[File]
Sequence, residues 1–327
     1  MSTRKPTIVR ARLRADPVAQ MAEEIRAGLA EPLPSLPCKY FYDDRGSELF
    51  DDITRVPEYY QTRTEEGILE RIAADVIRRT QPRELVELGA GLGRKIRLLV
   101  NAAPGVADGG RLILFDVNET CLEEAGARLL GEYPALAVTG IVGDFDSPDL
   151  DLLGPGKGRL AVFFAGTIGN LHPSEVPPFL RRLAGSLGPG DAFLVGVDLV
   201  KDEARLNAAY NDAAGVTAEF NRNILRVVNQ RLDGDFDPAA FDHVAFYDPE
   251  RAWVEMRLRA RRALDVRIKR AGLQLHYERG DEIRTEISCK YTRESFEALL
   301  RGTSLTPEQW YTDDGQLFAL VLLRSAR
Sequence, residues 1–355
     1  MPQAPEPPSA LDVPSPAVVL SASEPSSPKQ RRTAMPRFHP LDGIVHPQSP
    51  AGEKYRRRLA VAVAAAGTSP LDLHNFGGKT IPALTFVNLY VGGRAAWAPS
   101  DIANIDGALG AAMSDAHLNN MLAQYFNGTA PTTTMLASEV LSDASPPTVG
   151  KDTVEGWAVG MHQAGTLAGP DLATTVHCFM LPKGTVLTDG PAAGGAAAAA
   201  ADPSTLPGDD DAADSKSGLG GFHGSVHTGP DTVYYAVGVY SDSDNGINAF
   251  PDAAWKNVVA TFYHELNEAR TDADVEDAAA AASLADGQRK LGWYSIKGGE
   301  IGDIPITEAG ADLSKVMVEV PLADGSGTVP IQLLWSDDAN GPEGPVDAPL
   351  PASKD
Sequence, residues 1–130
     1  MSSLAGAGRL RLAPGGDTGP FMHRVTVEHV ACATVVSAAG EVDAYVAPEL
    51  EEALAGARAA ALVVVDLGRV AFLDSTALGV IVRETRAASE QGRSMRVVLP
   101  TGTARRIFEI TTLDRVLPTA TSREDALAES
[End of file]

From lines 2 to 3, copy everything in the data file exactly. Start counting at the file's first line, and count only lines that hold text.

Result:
     1  MSTRKPTIVR ARLRADPVAQ MAEEIRAGLA EPLPSLPCKY FYDDRGSELF
    51  DDITRVPEYY QTRTEEGILE RIAADVIRRT QPRELVELGA GLGRKIRLLV